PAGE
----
The Top 7… Greatest gaming rebirths

5. Prince of Persia: The Sands of Time

What it was: The original Prince of Persia games were the 2D progenitors of series like Tomb Raider and Assassin’s Creed, focused on climbing, acrobatic exploration and (increasingly more often, as the series went on) fighting. The first game was relatively simple; the nameless Prince had to escape from a trap-filled dungeon in 60 minutes, or his Princess was going to be forced to marry some creepy old vizier. Its sequel was considerably more epic, sending the Prince on a long journey to acquire supernatural powers and rescue the Princess once again, but it held true the same basic formula of 2D running, jumping, climbing and fighting.

Above: It also looked a little different on every platform. This here's the SNES version

Then the series went 3D in 1999, and where the Prince had once inspired Lara Croft, it now seemed the reverse was true. Rigid 2D climbing was replaced with rigid 3D climbing, and control and camera problems marred the whole experience. A Dreamcast port fixed most of its problems, but it was too late; Prince of Persia had fallen out of favor, and the series as we knew it passed into obscurity.

What it became: Four years after Prince of Persia 3D, PoP creator Jordan Mechner teamed with Ubisoft Montreal to reboot the series as something completely new. Now intensely character-driven and centered around a time-travel theme, Prince of Persia: The Sands of Time introduced acrobatic parkour and group combat to the series, creating something that felt much more flexible and organic than its predecessors. It also added what quickly became the series’ most indispensable signature move: the ability to rewind time, neatly erasing any stupid platforming mistakes you’d made – provided, of course, that you had enough magic sand.

In spite of being squeezed out during the legendarily overcrowded 2003 holiday season, The Sands of Time rapidly found an audience, becoming one of the most beloved games of its time. It was soon followed by two somewhat disappointing sequels, Warrior Within and The Two Thrones, which introduced M-rated brooding and a whip-wielding alter ego, respectively. It didn’t matter what anyone said, though; in fans’ minds, this was now the Prince of Persia, and the originals were quickly forgotten. Not even another attempted reboot in 2008 could shake the faith, judging by the way the series went back to the well two years later with respectable Sands of Time interquel The Forgotten Sands (which nobody played, but still).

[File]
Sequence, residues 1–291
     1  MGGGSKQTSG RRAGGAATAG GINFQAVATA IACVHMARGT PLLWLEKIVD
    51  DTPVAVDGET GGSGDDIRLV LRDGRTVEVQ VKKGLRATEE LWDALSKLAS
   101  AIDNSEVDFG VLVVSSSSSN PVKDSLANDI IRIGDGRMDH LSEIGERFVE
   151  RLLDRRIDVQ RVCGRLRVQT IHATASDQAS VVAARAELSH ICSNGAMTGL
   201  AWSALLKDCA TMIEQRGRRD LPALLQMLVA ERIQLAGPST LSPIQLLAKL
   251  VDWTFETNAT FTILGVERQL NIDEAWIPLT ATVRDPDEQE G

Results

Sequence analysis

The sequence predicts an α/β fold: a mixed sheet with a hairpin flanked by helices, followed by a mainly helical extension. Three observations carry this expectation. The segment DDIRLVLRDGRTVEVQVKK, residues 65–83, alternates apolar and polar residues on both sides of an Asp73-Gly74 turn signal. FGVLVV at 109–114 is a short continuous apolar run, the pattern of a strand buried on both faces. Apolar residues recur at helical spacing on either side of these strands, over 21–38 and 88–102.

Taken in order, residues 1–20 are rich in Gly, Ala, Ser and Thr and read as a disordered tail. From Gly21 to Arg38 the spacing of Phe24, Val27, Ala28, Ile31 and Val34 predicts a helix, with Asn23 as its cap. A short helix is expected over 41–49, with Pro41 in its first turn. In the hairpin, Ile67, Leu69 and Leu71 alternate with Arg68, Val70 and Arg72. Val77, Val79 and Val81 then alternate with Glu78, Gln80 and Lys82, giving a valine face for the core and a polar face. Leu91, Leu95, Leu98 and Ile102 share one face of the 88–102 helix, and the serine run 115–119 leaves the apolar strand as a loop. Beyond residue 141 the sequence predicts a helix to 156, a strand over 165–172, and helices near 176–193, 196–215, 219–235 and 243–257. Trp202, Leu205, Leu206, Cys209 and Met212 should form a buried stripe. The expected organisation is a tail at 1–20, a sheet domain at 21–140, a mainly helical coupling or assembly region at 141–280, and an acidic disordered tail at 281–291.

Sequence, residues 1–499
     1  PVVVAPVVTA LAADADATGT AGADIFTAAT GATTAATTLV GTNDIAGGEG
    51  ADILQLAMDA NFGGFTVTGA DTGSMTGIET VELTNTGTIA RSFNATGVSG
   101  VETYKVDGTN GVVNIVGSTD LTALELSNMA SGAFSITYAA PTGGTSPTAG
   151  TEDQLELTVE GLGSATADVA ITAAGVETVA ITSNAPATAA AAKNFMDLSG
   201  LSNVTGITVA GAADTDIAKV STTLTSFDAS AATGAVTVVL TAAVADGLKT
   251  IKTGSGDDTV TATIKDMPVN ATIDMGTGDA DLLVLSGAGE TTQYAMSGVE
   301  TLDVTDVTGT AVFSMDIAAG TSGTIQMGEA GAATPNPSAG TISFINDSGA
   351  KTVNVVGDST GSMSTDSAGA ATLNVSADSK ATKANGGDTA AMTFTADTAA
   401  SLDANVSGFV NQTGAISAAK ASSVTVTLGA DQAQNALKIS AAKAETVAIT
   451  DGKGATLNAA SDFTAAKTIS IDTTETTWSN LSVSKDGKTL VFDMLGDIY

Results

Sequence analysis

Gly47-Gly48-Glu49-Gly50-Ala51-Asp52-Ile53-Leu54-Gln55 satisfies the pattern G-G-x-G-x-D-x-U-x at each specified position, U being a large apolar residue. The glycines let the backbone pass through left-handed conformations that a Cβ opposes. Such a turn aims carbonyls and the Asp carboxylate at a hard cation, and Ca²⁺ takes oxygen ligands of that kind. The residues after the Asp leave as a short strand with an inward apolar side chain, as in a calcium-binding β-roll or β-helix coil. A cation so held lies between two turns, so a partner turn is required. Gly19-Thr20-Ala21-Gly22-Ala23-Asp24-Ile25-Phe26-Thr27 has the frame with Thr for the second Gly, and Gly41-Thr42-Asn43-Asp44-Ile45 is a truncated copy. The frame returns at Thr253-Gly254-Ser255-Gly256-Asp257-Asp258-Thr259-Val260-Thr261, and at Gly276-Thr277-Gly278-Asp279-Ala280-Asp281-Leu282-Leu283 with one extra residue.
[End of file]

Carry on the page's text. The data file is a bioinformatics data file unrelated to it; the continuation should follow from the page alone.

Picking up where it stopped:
4. Resident Evil 4

What it was: Resident Evil was a pioneer of the “survival horror” genre, and it probably had a lot more to do with establishing the mainstream popularity of zombies than anyone’s willing to admit. Focusing on a zombie outbreak in and around the fictional, remote-but-improbably-large Raccoon City the first few games were masterfully directed (if unapologetically cheesy) works of suspense that forced players into confrontations with zombies and other monsters in dark hallways and cramped spaces seen from paranoid angles. In addition to creating a general atmosphere of dread punctuated by sudden scares, the first few Resident Evils successfully blended the exploration and inventory management of old-school adventure games with zombie-shooting action and then-amazing production values, making them huge hits.

By the time Code: Veronica was released in 2000, though, the luster had started to wear off. The tank-like controls felt increasingly awkward and outdated with every new game, and the scares – summed up by Penny Arcade as “Monsters will come through windows” – were getting predictable and silly. The 2002 GameCube remake and its subsequent prequel the same year brought a new level of moody realism to the franchise, but underneath were the same clunky old mechanics. Clearly, a far more dramatic change was needed.

What it became: If “old” Resident Evil was about plodding exploration and cheap scares, then “new” Resident Evil was about fast action, horrific deaths and a constant, almost claustrophobic feeling of being uncomfortably close to danger. In Resident Evil 4, the dynamic camera angles were switched out in favor of a comparatively narrow, over-the-shoulder view; the zombies were traded in for more nimble, eerie foes called Ganados; and where cutscenes were once a respite from the action, they could now turn deadly at a moments’ notice.